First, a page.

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Woodford Patient....
GeneralZod
Posted: 10 July 2017 13:35:16(UTC)
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Thank God you lot took the ---- out of Salty D a bit and encouraged me to get out. I've just had this email from them and it's like something from the dark days. It's a scathing, hating, anger-filled rant about Labour policies and Jeremy Corbyn...one paragraph reads: "It is incomprehensible to me that the Conservatives did not shout out that socialism has never worked, and that it’s a proven disaster for the populations of the countries inflicted with this disease." Goodness me. It then adds that it's worrying that a lot of teachers voted for him. Hmmm. I'm one of them then.

I hope I find more love out this way. I emailed back and said the comedy value from the mail was high but please remove me from their mailing list.

Just a quicky. I did "was agreed" and have placed a majority of dollar in the Vanguard 80 and then did a few satellite bits to keep mother happy. I was wondering, with the little pot of gold I have left, to put a tiny bit into something UK, again long-term, and my mind wandered to Woodford's Patient fund. Now, I know it's generally regarded as a dud and I believe it's still trading at a fair discount. But, for a long-term stake, what do people think? Are there any other alternatives?

Cheers guys.

Now remember: Kneel before Zod.
King Lodos
Posted: 10 July 2017 14:12:24(UTC)
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Socialism has not only never worked, its policies are still tanking economies (most recently Venezuela and Greece) and it was responsible for as much as 10x more genocide than the holocaust in the 20th century.

It's a strange quirk of history that we don't view Socialism in the same light as Nazism (an abbreviation of National Sozialistische), but then many Socialists went into education after the war, and gained a foothold – economically the Nazis were throughly left-wing.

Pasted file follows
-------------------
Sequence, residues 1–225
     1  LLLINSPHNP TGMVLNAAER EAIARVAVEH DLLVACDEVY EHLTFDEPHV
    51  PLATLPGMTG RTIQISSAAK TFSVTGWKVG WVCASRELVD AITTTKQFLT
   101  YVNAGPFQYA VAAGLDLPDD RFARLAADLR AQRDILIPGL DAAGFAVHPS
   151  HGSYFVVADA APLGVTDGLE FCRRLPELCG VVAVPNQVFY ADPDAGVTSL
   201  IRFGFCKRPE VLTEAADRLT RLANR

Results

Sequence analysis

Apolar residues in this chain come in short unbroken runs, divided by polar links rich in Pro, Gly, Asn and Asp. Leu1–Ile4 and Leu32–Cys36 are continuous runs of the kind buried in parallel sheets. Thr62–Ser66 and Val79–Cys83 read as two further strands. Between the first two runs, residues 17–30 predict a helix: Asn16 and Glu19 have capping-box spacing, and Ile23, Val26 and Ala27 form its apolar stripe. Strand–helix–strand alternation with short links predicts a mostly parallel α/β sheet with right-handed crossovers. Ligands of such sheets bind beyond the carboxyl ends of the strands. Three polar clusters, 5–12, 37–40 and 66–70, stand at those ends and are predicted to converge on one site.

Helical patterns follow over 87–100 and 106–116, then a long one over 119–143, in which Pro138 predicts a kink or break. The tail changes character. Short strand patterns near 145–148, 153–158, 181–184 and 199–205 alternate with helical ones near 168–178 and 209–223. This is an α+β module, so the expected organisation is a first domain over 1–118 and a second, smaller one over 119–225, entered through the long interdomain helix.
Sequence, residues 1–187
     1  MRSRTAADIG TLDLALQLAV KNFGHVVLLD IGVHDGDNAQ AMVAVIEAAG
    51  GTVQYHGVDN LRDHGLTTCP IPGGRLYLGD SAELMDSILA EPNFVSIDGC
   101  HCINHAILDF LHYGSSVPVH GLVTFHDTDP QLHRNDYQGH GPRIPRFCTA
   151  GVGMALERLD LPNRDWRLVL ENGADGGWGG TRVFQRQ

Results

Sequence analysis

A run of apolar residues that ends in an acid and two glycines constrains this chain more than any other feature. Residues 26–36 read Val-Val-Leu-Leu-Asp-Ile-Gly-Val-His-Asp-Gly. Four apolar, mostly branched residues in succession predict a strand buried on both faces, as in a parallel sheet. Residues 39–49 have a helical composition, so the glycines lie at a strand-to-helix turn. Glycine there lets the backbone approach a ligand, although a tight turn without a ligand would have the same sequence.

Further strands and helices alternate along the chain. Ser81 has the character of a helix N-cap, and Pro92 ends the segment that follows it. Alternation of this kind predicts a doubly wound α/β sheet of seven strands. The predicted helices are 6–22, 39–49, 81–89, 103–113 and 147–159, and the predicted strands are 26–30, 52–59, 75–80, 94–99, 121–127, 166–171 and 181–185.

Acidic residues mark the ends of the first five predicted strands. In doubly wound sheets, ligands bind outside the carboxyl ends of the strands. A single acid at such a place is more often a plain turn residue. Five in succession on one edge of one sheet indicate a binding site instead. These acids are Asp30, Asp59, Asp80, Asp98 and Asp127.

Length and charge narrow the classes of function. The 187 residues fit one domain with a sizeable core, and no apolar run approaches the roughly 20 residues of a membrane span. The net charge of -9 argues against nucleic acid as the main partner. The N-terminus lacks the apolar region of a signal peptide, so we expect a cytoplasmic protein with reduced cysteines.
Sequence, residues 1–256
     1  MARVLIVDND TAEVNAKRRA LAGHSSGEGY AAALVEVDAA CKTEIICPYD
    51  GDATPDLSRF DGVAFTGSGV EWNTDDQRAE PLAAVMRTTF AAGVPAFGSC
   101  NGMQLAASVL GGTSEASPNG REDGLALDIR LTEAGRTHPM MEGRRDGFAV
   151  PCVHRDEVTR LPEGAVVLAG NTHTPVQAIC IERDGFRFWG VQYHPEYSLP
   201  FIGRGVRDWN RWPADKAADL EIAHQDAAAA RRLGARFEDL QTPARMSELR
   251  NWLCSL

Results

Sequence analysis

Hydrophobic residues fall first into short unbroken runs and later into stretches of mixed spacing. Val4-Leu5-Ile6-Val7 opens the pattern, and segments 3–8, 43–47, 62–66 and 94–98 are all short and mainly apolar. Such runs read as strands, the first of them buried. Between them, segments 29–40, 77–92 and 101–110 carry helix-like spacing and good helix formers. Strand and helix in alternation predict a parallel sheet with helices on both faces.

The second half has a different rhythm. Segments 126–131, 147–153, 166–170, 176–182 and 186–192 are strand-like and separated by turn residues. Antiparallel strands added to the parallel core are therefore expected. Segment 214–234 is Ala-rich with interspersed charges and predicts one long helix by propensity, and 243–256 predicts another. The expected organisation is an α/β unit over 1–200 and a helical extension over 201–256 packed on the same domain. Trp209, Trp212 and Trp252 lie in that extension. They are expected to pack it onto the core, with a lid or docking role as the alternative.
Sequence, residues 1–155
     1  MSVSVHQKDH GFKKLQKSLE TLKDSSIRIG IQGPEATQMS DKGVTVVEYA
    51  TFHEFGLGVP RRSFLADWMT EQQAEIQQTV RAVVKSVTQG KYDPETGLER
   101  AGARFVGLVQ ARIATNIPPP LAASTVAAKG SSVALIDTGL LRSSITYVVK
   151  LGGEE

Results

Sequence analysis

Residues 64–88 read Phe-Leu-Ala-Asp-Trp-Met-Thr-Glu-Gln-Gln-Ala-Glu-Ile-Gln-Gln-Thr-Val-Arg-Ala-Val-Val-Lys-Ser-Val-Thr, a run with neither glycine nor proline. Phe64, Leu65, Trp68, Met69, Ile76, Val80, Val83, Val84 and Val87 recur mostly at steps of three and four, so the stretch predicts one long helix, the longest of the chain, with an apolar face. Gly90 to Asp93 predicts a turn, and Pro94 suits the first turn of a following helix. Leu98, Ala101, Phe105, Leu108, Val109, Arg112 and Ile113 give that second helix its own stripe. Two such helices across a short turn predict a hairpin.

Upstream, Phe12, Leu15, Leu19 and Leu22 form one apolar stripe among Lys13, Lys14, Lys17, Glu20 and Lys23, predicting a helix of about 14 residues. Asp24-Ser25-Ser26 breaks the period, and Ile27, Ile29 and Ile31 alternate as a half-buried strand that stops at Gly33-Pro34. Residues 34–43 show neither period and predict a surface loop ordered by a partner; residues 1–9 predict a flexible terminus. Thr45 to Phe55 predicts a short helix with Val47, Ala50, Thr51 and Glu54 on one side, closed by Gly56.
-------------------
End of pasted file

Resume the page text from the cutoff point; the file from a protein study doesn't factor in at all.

I'd go for RCP myself .. Vanguard gives you the whole market with negligible fees .. RIT Capital Partners gives you the few things you can't get in a tracker: good active management and alternative assets .. I think they compliment each other well.
6 users thanked King Lodos for this post.
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Sara G
Posted: 10 July 2017 14:49:20(UTC)
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Whether now is a good time to buy WPCT depends on what kind of investor you are... having traded around 90p for some time, it's now at 98p and the discount has narrowed. This may be a sign of positive momentum, so if you're a momentum investor (which your former interest in Saltydog suggests may be the case) then it may be good to get in now. For myself, I'm happy to finally be in profit, but won't be topping up as I think better bargains may emerge later in the year.

As regards the politics, if you believe Corbyn has a good chance of getting in and/or think Brexit will have a negative impact on share prices then you may want to ensure that you are globally diversified, so something like EWI may be an alternative, with its emphasis on disruptive tech and small caps - it's one of my core holdings and has done very well this year.